The ensemble, interrupted by an impertinent waitress (Raven Gabrielle Perez), does not forge a sisterhood. Instead the guests are rude to one another, interrupting while another is talking, second-guessing each other’s choices, generally making bad company. Marlene seems unaware of what we see and instead revels that her promotion has put her among the select. While the celebrity dinner is the best-known portion of Top Girls, and the most often photographed, it seems unrelated to the reaming two acts of the play, set in Marlene’s agency, called “Top Girls,” or in an East Suffolk home, all realistic with no fantasy characters.
Thematically, however, it relates deeply to the rest of the play, and not just because the performers, plus an eighth, the na´ve job-seeker Jeanine (Chessie Santoro), appear in different costumes and wigs with contrasting accents. It is a criticism of some strands of feminism and a cautionary tale. “Success” for women comes at high personal cost and is of ambiguous value if it benefits only a single person.
The remainder of Top Girls could be seen as Marlene’s backstory, first at her agency where she appears humane in dealing with Jeanine, and then in the third act, set a year earlier, before her promotion, where we learn about Marlene’s family relations and that, like Margaret Thatcher, she originally spoke with a different class accent than her professional one. Along the way we meet two squabbling children, Kit (Raven Gabreille Perez) and Angie (Jenna Fields), who must somehow be related to Marlene, but we have to put that on hold until later. Angie suffers an ugly abrasive streak, threatening to kill her own mother with a brick and accusing Kit’s mother of sleeping around, although it’s clear that she’s unsure what might entail, only that it’s a severe insult.
As all the players from the celebration dinner show up transformed in later acts (actress Sumiko Cohen is seen in a kimono in the first act and as English businesswoman Nell later on), some audience members thought that the Marlene in later scenes might be an equivalent person, not the identical Top Girl. Such a misapprehension will render the play meaningless but is still understandable because Marlene does indeed present different faces. When we see her in the final scene, barefoot in the country, speaking in her unvarnished accent, she touts her worship of individual achievement and her contempt for the working classes. Not so much like Margaret Thatcher as another overweening Top Girl, Ayn Rand.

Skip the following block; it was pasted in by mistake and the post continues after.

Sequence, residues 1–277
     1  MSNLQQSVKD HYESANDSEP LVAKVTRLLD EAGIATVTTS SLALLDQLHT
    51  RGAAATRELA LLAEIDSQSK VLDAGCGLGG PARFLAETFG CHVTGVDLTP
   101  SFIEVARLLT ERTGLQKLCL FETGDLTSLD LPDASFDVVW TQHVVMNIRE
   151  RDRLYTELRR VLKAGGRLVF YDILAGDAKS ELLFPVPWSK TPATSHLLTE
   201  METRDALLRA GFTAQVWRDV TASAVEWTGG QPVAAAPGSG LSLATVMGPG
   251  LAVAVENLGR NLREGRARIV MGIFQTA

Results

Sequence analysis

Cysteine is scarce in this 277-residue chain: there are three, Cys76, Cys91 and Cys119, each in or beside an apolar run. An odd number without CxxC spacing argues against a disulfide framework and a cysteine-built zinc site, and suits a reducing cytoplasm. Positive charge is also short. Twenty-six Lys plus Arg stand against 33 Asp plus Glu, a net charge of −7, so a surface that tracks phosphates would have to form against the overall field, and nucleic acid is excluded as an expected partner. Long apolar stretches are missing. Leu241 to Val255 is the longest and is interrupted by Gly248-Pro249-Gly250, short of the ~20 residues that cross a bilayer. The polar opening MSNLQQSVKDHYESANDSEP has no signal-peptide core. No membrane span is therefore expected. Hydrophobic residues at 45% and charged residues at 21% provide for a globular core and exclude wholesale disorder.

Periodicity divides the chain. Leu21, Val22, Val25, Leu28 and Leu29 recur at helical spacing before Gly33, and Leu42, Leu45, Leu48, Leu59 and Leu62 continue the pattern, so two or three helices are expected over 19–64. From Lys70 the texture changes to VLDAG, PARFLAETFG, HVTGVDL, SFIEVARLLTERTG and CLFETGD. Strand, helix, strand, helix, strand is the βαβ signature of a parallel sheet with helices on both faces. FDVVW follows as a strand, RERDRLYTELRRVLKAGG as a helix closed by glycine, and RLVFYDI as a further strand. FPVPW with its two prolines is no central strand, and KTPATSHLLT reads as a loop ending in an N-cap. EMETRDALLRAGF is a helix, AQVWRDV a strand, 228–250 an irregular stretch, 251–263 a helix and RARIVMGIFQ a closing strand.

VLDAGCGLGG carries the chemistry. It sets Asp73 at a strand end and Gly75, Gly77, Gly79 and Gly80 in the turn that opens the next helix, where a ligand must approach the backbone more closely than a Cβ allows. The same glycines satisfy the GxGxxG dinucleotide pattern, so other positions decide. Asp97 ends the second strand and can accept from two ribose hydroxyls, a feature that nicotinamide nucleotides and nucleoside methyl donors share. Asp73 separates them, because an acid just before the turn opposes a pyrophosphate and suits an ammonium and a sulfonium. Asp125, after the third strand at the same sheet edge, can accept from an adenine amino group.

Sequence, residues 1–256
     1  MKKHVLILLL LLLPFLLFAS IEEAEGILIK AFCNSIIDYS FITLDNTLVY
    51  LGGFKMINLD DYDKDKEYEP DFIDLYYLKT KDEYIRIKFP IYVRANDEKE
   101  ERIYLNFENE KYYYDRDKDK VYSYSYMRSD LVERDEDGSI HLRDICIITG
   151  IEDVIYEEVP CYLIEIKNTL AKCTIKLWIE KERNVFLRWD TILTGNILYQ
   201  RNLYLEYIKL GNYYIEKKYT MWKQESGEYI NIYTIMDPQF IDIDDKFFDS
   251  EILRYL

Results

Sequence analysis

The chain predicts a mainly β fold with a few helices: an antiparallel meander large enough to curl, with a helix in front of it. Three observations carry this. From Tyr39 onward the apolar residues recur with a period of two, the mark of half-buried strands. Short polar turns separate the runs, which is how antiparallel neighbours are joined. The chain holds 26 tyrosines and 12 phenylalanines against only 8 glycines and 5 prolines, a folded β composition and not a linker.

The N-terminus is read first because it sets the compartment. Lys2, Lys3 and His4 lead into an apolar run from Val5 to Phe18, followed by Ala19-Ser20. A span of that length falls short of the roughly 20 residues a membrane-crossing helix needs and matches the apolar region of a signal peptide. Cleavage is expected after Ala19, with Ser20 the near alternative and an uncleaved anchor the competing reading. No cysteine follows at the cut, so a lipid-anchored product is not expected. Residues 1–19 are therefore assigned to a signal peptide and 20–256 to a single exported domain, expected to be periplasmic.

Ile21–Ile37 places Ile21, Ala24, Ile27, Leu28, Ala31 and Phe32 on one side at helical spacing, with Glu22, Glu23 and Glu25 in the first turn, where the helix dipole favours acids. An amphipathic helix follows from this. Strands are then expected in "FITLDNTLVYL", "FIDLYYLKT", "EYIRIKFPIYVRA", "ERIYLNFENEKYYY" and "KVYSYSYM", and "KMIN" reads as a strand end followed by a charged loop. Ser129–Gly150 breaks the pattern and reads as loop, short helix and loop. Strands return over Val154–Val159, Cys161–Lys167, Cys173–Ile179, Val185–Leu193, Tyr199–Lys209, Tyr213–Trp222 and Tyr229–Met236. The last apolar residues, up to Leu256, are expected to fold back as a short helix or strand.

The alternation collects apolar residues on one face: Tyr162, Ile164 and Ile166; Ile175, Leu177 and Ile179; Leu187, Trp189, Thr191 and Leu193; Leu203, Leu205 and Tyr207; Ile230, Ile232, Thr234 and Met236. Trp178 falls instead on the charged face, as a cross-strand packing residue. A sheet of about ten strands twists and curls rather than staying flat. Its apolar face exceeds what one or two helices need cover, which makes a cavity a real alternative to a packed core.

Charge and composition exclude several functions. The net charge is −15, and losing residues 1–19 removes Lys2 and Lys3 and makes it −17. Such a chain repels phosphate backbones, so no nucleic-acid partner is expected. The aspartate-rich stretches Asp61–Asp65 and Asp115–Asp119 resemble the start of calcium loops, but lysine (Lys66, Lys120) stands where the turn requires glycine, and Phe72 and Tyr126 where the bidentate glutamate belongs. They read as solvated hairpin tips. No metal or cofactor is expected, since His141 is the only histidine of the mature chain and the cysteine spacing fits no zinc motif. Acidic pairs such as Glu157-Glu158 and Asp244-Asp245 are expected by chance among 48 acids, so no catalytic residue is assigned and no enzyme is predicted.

Like most college drama departments, Syracuse University enjoys a surplus of female talent, and the competition for eight roles has delivered excellent and highly individual performers in each instance. Mary Ann Pianka’s Marlene projects a kaleidoscope of emotions including charm, encouraging us for a while to identify with her aspirations. All the others play two or more roles, inviting some eye-rubbing at a second entrance. Alyssa Castellano’s bossy explorer Isabella contrasts sharply with her bedraggled, forlorn Joyce, Marlene’s misused sister. Each player delivers a scene-stealing moment, like Jenna Fields’ Gret (a medieval biker), Raven Gabrielle Perez’s feckless job applicant Shona, and Emily Zinski’s resigned and resigning middle-aged office worker, Louise.
Churchill’s dramas usually appear in edgy venues such as London’s Royal Court, the equivalent of off-Broadway. Thus, the superb resources at SU Drama’s shop, including Jennifer Medina-Gray’s scenic design, Molly Kathryn Weedon’s lighting design, and especially Alexander Koziara’s costumes, mean this is one of the best-looking Top Girls you’re ever likely to see.
This production runs through Sunday, Feb. 24. See Times Table for information.